[?]When I originally bought my Vivante SE, it came with 1 144 pin 64MB  SODIMM. Classically, now that I've upgraded my Windows partition to Win2000 (which requires around 68 megs *just sitting there* by the way) I need more ram. I've now got the 366 mhz celeron with BX chipset instead of the old 233 MMX with TX chipset, so I should be able to cache more than 64MB.
So can I put SDRAM in at all, or are the RAM slots EDO only?
[-]Yes, SDRAM will work fine. Your old Pentium 233MMX shipped with EDO RAM because the TX chipset had some problems with SDRAM. Now that you've upgraded to a Celeron processor, SDRAM work work. One note, if you mix EDO and SDRAM, the
computer will act like they are both EDO. You probably won't notice a difference though. 

[?]After I installed the RAM, do I have to expand the suspend to disk partition? If not, would suspend to disk still work? What is the easiest non-destructive way to do it?
[-]Check your current non-DOS partition (you can see it by using FDISK - just be careful not to delete anything!). If you're non-DOS partition is less than 260MB, there's no way to increase it without wiping out your whole HDD and starting over.

[?]"Please run   0VMAKFIL..." message on boot.
[-]That message will appear (breifly) when the power management settings in BIOS are set to Suspend-to-Disk but either you don't have a non-DOS partition setup, or you have more RAM installed than the non-DOS partition. (The non-DOS partition is also known as the suspend-to-disk partition).
[!]For instrucions on reformatting your  HDD and preparation of your suspend-to-disk partition refer to the 'Reinstalling your OS' leaflett that came along with your User's Guide.

[!]For more information on upgrade: check out Links.

|upgrade:HDD|

[?]I recently puchased an upgrade hard drive for my notebook. Do I need to setup a suspend-to-disk partition?
[-]In order for your notebook being able to Suspend-to-Disk,  there should be set up a non-DOS partition on your hard-drive which should be greater or equal to amount of physical memory RAM installed. When you bought your notebook by default your original HDD came with  suspend-to-disk partition set accordingly to your memory configuration. If you going to use Suspend-to-Disk with your new hard-drive you need to set up this partition yourself.
[!]For instrucions on reformatting your  HDD and preparation of your suspend-to-disk partition refer to the 'Reinstalling your OS' leaflett that came along with your User's Guide.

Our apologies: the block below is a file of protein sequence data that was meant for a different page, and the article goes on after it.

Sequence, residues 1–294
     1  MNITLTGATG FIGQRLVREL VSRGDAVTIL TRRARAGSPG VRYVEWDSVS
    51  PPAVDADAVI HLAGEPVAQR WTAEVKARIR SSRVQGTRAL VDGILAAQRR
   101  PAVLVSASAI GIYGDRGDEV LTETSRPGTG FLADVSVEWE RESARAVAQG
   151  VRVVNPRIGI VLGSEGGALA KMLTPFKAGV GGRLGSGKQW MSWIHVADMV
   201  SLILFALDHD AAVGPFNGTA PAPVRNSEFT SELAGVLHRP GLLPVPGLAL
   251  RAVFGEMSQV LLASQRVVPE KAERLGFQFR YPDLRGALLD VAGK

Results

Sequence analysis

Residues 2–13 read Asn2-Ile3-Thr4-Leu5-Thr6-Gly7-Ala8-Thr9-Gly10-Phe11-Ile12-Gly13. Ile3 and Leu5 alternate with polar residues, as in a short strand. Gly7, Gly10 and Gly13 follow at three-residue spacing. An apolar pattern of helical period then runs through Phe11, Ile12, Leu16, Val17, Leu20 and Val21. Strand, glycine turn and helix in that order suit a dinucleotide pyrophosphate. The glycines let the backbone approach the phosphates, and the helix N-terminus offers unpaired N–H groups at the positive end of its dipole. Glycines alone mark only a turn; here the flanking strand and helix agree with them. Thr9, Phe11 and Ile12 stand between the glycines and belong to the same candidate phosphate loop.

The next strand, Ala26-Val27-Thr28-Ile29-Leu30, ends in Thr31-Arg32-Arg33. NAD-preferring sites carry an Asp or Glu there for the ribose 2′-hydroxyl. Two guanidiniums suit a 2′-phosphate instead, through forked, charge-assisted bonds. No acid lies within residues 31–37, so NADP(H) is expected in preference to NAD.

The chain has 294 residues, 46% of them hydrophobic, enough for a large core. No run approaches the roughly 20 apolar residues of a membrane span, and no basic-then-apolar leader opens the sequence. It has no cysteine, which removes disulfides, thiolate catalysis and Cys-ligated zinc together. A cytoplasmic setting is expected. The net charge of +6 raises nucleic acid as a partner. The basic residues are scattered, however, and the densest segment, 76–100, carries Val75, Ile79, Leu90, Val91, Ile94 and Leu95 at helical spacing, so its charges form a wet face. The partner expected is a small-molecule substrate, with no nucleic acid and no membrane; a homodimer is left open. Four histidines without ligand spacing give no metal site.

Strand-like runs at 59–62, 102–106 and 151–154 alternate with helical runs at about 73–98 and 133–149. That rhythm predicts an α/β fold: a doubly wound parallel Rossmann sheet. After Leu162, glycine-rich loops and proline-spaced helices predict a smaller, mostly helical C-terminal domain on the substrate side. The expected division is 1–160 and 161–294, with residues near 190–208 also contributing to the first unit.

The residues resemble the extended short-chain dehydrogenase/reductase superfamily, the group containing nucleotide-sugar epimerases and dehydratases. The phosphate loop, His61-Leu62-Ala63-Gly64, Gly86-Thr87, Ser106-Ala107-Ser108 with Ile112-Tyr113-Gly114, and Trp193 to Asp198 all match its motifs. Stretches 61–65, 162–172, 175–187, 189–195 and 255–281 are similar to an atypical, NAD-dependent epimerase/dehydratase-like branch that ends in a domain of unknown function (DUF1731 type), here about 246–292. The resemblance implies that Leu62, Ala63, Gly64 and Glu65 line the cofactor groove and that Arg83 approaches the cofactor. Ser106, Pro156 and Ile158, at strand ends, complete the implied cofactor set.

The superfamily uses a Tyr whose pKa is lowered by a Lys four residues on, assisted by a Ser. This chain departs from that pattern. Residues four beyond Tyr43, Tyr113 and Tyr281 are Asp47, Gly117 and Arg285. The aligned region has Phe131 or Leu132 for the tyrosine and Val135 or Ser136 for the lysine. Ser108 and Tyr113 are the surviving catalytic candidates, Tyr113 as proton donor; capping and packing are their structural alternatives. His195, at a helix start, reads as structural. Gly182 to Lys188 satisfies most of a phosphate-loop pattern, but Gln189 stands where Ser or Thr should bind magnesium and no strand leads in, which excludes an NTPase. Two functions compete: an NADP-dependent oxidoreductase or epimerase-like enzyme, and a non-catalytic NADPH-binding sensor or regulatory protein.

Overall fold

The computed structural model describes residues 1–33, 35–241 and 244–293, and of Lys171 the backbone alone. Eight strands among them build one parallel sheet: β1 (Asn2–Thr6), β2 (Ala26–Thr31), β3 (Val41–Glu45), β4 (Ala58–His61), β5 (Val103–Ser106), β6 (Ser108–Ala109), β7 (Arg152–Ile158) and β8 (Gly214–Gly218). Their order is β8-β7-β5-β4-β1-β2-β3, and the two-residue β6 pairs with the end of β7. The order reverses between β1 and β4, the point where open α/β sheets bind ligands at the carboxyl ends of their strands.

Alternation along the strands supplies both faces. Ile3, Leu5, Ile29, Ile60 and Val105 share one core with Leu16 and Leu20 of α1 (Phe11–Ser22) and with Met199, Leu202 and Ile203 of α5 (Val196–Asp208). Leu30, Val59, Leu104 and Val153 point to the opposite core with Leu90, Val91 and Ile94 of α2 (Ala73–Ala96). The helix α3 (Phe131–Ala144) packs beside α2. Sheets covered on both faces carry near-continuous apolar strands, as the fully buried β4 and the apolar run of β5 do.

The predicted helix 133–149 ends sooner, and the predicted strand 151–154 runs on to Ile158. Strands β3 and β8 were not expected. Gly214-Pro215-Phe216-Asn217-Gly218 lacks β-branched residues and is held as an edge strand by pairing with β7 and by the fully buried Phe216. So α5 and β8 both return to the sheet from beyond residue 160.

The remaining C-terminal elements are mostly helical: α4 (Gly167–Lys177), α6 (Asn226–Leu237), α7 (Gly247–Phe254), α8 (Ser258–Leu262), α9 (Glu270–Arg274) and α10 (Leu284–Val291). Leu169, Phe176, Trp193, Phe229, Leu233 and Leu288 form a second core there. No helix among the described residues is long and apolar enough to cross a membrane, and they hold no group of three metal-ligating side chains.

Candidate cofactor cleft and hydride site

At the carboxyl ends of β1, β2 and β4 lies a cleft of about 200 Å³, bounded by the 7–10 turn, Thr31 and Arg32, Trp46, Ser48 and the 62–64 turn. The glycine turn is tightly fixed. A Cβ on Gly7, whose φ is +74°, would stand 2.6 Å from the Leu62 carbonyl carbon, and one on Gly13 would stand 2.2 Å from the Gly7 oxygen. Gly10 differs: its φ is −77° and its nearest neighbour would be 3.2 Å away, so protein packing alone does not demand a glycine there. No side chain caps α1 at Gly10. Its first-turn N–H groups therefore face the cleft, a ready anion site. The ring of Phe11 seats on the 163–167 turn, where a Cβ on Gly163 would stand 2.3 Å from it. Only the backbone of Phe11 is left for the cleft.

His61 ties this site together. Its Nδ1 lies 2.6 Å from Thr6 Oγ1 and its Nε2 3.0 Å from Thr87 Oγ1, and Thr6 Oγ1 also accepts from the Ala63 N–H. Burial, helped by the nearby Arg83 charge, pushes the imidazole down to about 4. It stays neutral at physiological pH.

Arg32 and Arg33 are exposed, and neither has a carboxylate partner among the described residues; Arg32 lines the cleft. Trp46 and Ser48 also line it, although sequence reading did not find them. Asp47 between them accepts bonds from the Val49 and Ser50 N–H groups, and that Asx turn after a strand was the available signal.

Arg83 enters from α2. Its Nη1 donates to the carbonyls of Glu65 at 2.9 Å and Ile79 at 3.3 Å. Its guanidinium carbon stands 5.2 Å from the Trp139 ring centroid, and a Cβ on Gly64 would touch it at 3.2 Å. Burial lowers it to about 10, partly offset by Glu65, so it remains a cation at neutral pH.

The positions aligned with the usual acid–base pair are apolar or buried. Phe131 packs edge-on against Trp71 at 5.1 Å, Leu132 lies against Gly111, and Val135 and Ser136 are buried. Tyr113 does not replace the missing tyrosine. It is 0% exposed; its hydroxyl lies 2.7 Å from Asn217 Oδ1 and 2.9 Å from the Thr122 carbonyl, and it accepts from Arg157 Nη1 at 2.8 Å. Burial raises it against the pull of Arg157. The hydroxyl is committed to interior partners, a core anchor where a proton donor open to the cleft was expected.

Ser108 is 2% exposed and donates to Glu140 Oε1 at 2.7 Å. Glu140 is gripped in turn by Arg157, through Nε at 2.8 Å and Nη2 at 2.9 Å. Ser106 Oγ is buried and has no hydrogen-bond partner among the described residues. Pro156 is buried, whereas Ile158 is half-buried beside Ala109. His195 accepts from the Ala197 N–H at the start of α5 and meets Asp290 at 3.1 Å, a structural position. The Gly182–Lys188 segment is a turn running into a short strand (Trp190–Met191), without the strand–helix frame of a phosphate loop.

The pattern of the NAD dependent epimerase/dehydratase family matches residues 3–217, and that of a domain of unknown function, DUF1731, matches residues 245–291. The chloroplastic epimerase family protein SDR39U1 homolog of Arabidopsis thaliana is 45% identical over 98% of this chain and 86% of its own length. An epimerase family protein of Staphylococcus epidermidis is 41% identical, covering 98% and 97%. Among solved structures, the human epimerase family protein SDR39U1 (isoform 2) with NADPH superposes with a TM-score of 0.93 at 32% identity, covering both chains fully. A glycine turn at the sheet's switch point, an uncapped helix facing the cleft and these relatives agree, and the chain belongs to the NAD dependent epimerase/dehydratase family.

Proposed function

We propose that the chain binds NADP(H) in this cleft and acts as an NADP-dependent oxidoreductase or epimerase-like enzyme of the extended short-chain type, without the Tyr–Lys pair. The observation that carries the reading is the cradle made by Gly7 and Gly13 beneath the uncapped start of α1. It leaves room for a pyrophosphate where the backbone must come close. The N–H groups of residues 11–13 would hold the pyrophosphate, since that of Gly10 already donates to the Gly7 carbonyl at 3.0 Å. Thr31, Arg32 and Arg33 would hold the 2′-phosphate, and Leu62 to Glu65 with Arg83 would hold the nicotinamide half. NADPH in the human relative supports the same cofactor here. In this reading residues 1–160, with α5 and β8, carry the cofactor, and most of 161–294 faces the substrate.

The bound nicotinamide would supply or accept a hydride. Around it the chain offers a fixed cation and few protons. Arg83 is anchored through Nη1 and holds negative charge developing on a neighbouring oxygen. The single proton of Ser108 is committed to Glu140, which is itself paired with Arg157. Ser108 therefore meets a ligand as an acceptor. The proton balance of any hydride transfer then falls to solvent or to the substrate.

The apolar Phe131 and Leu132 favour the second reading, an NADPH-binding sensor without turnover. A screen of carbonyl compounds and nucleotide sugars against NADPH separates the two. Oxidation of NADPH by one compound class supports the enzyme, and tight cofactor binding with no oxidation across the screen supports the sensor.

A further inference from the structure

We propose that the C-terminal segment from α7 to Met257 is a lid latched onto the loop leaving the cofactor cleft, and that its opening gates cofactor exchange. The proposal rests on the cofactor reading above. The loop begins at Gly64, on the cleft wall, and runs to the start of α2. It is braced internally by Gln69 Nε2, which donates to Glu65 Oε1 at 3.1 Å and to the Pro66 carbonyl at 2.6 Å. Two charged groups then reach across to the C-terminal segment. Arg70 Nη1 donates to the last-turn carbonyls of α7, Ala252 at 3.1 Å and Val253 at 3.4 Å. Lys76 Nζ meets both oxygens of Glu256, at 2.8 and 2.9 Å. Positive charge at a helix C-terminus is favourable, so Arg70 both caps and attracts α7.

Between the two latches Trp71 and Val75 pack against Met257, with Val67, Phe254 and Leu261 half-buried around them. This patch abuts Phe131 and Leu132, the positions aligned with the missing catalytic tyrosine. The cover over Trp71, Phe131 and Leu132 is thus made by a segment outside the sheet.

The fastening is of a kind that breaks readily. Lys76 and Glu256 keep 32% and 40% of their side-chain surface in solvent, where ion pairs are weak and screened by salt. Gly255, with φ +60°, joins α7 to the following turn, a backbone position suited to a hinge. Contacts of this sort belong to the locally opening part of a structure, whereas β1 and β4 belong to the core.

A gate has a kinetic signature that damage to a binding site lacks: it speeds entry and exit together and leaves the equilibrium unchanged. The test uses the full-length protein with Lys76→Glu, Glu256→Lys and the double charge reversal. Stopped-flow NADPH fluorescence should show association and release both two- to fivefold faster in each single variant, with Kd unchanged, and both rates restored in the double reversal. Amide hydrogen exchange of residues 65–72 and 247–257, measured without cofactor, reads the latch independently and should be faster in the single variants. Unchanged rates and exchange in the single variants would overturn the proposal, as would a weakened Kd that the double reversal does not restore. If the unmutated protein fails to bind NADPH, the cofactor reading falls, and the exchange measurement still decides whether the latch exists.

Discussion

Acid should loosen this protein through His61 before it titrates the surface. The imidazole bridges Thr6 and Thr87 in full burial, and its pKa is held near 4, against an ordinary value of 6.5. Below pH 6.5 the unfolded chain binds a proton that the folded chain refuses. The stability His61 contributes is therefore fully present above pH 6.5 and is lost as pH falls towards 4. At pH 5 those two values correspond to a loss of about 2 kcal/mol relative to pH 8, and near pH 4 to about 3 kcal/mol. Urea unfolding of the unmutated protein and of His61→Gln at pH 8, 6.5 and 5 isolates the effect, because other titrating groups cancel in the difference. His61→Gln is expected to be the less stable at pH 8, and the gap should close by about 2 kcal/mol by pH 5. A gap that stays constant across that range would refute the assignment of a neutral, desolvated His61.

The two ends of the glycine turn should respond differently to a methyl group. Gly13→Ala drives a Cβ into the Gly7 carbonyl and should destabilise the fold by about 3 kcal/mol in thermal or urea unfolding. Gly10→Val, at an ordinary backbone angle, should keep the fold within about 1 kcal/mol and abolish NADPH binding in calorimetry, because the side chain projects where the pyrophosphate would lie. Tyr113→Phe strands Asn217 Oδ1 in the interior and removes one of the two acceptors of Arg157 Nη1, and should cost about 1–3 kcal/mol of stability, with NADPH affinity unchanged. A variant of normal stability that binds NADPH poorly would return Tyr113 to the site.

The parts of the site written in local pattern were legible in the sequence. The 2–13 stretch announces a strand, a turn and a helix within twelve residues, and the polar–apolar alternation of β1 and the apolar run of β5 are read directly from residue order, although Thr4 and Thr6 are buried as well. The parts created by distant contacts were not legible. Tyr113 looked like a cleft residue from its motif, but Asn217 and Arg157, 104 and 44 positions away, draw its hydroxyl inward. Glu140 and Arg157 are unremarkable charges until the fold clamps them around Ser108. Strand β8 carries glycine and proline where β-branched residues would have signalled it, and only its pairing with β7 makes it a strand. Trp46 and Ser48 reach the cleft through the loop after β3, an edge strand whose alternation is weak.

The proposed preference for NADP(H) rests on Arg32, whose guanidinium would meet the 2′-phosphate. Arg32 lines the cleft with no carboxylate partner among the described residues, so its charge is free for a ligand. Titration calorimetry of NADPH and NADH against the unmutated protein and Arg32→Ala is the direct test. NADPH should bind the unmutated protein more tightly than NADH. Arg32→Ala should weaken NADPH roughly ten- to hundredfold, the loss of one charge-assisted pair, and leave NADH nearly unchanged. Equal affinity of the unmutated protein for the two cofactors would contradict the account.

[?]I was playing with the drives, repartitioning for linux, and other stuff, at some point the BIOS started giving me an error on bootup that says something like "Please run 0VMAKFIL..." It's only flashed for a few seconds and the performance of the computer isn't otherwise affected.
[-]That message will appear (breifly) when the power management settings in BIOS are set to Suspend-to-Disk but either you don't have a non-DOS partition setup, or you have more RAM installed than the non-DOS partition. (The non-DOS partition is also known as the suspend-to-disk partition).

|upgrade:General|

[?]Vivante 166-TMX: What is upgradeable?
[-]The Vivante (not SE or XL) supports up to 200MHz w/ MMX, so its  probably not worth upgrading the processor. The chipset (Intel MX) supports up to 64MB EDO RAM, so it would probably be beneficial to add another 32MB stick.
The Vivante is basically the same as the Vibrant, but with a 13.3" LCD instead of a 12.1". It had almost the identical motherboard, just laid out a little  different. 
Your BIOS is not crucial at all unless you made a major system 

[!]For more information on upgrade: check out Links.

 

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Copyright © 2000 Ashot Bord. Last Updated: Sep-12-2003


Disclaimer: This is an unofficial support page and in no way is (or would be at all) affiliated with Transmonde Inc. All materials posted are of highly subjective nature and represent experiences and opinions of users of Transmonde notebooks, your use of these materials is at your own risk. All tradenames used are property of their respective owners.